Can I please see my childhood memories, every little one? I’d like to wrap them gently and snuggle them in boxes; I’d like to know they’re all still there and then send them on their way.
Before I stack them tightly and tape them into cardboard homes, I’d like to see each one up close, dust them off lovingly as they go.
Like: my siblings and our dogs on the sloping farmland lawn; the first day of school and the flush of summer ending with dusk’s sky; I’ll turn them toward the window to catch the sun’s light before setting down and bidding them goodbye.
The trees that spoke to me from five to fifteen, I’ll kiss with treasured love until wrapped in tissue paper and grouped in cushioned bundles. Perhaps I’ll keep those within reach to soothe my phantom ache: scrape of bark and sturdy limbs holding onto me.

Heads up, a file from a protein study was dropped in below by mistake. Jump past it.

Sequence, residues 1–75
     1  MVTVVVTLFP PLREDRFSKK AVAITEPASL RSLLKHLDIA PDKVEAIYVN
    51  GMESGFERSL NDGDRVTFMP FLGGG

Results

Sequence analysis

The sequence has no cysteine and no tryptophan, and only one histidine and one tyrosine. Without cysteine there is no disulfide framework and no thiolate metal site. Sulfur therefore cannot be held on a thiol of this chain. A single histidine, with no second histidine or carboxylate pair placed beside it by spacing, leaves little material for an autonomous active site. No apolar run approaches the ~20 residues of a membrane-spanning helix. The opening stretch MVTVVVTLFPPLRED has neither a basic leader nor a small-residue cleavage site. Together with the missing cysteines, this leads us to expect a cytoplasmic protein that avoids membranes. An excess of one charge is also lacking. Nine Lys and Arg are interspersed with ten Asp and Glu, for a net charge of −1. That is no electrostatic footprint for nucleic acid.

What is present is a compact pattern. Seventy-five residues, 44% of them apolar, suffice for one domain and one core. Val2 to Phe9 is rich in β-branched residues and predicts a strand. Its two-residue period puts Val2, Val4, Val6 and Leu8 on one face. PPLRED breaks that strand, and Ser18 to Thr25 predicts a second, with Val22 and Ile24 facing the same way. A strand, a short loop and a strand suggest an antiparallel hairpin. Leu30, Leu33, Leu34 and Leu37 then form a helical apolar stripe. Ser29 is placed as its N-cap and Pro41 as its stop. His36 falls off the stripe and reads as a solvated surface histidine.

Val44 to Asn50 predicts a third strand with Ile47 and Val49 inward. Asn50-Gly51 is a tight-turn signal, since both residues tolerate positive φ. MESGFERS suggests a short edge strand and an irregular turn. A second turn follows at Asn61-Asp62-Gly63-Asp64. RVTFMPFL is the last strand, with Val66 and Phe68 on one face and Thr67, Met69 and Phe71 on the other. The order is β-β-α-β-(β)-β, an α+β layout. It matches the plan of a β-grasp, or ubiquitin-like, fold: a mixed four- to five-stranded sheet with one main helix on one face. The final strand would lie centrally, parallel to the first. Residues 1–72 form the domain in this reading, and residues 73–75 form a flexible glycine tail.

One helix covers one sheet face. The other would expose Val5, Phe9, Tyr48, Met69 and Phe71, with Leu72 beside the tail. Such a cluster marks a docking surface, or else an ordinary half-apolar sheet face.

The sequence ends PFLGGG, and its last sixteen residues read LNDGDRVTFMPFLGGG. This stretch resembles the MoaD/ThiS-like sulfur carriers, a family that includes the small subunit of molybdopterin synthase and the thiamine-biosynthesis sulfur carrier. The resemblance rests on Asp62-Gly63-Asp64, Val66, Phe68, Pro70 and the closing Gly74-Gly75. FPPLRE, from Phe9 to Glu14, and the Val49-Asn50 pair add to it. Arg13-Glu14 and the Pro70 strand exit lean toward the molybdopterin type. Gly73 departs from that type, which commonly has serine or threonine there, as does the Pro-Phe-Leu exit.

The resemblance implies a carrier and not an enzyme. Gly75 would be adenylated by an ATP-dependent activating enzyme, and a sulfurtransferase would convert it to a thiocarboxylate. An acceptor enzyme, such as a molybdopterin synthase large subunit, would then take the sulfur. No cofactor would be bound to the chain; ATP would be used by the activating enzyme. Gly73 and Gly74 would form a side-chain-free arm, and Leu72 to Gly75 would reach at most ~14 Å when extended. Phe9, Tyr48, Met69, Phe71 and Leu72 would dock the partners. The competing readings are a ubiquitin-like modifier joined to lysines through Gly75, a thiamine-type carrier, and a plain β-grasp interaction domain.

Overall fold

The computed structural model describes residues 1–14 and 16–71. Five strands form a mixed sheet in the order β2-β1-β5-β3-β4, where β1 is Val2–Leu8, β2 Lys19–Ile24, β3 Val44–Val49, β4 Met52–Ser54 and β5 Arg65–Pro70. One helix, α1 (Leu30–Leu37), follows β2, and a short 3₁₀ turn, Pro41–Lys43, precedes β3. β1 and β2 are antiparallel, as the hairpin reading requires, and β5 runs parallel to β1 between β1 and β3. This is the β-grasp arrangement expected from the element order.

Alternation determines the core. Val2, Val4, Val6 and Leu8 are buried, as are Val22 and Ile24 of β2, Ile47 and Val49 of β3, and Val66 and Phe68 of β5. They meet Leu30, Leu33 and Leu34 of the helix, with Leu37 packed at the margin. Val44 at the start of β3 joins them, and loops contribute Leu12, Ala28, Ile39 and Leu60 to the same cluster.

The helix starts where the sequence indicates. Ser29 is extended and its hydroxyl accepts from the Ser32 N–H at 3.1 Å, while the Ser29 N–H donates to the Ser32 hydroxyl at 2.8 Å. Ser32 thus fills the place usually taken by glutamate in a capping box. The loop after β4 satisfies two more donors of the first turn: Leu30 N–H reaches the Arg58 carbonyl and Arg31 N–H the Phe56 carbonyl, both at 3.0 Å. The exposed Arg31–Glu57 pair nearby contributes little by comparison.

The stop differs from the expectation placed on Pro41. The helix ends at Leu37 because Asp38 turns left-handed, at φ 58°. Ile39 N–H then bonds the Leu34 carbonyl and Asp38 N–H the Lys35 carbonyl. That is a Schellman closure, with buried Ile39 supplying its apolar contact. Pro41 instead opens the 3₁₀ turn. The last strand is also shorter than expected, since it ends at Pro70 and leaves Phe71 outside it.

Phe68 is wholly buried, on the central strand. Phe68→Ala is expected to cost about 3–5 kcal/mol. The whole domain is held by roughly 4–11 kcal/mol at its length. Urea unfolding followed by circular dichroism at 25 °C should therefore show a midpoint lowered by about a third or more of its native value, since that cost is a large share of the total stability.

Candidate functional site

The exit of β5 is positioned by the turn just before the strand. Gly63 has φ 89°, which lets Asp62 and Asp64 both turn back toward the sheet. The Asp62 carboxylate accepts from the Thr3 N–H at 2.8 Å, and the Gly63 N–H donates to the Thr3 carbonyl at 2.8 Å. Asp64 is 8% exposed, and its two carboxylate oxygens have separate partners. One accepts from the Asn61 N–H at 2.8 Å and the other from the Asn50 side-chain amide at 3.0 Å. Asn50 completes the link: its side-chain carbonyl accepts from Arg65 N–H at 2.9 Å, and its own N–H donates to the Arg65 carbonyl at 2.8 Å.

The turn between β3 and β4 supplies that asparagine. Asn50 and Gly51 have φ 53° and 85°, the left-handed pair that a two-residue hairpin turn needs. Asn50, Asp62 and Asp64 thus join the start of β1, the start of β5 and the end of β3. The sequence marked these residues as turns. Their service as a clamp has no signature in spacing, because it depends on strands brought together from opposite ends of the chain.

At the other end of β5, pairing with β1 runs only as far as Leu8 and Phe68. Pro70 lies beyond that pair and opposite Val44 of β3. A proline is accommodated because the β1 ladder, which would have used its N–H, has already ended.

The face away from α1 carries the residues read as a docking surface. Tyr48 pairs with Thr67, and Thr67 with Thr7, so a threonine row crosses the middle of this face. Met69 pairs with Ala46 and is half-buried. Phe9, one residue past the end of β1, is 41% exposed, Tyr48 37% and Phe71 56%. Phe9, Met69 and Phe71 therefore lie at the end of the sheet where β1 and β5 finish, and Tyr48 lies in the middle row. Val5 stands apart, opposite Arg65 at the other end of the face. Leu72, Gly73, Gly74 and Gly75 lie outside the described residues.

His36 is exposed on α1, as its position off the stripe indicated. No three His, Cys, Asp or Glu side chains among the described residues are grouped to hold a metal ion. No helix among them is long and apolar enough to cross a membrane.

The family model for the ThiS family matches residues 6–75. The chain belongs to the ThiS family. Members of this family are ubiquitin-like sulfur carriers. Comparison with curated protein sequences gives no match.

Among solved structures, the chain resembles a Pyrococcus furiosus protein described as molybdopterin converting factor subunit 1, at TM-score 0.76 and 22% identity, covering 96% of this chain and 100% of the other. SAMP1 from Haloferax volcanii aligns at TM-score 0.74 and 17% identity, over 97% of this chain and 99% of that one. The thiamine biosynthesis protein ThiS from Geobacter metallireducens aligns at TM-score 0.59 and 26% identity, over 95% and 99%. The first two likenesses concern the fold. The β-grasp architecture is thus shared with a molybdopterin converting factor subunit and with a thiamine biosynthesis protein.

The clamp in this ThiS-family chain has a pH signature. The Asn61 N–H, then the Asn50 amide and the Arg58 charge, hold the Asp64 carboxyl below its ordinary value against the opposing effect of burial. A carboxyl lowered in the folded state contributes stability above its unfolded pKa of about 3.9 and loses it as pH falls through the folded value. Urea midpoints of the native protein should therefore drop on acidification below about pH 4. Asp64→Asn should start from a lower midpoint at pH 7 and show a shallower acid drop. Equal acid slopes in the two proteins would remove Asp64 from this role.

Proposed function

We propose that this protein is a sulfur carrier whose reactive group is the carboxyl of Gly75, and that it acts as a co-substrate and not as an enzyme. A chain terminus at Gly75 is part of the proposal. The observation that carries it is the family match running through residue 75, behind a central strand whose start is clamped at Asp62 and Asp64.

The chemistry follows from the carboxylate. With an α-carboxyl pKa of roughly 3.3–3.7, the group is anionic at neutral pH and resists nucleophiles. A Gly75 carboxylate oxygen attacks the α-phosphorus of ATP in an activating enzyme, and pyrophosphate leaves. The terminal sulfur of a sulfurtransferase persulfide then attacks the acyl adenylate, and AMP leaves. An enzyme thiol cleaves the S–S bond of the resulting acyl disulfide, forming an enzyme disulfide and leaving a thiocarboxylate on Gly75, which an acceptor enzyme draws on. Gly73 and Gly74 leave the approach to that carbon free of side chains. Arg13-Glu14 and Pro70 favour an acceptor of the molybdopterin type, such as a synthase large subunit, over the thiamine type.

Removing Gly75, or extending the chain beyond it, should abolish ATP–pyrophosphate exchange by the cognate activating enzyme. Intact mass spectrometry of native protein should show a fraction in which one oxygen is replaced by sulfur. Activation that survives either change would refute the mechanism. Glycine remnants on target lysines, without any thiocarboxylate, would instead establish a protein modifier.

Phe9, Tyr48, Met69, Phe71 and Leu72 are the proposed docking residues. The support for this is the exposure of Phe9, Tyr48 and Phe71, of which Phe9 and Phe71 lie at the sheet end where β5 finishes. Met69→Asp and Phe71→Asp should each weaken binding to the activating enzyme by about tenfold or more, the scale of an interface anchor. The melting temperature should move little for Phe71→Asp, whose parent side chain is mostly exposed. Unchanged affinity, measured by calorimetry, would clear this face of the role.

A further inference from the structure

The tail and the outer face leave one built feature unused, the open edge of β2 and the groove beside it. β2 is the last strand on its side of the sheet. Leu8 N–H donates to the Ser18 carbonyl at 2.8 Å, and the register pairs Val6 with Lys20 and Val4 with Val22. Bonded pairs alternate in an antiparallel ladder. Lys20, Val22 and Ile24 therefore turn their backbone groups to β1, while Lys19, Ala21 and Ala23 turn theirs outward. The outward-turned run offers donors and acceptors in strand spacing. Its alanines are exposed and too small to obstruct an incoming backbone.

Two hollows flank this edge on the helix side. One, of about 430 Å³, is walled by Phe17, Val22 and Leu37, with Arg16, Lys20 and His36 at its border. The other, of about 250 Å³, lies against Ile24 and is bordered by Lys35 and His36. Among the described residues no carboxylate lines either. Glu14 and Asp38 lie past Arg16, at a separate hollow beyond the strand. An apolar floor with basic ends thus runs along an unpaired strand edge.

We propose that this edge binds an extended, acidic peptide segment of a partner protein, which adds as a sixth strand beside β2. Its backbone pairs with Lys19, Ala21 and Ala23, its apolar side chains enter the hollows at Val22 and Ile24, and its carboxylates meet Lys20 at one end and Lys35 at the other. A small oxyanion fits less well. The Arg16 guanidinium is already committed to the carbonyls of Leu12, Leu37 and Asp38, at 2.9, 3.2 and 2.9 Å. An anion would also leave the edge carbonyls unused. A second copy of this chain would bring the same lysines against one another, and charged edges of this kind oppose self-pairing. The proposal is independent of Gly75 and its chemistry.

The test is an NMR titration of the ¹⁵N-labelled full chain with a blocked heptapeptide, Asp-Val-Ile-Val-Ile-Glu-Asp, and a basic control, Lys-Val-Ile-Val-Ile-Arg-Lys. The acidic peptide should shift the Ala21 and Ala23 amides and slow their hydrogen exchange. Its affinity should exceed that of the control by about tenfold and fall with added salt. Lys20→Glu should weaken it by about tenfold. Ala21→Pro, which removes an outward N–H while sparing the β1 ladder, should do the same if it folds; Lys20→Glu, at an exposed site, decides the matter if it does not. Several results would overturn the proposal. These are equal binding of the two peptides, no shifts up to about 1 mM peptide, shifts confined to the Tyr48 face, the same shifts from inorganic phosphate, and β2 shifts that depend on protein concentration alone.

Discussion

Every fight and loud noise, each adult that raised his or her voice; the hallowed space in my chest whenever I felt not enough; and sitting on the stairs as others were allowed to play — I’ll spread them on the floor so they lose their mighty spark and I’ll soften all their edges from my kneeling perspective before I stack them with the rest.
Shouts in the courtyard as recess forced group play and the ache in my head with each memorized thing to say — the books I read and poems I wrote to imagine it all away. I’d simply color-code and coordinate in bins I’d bought the other day.
All my childhood memories and there’s too many piles to categorize. But: It’s all going into storage right after I inspect them with my loving, hindsight eyes.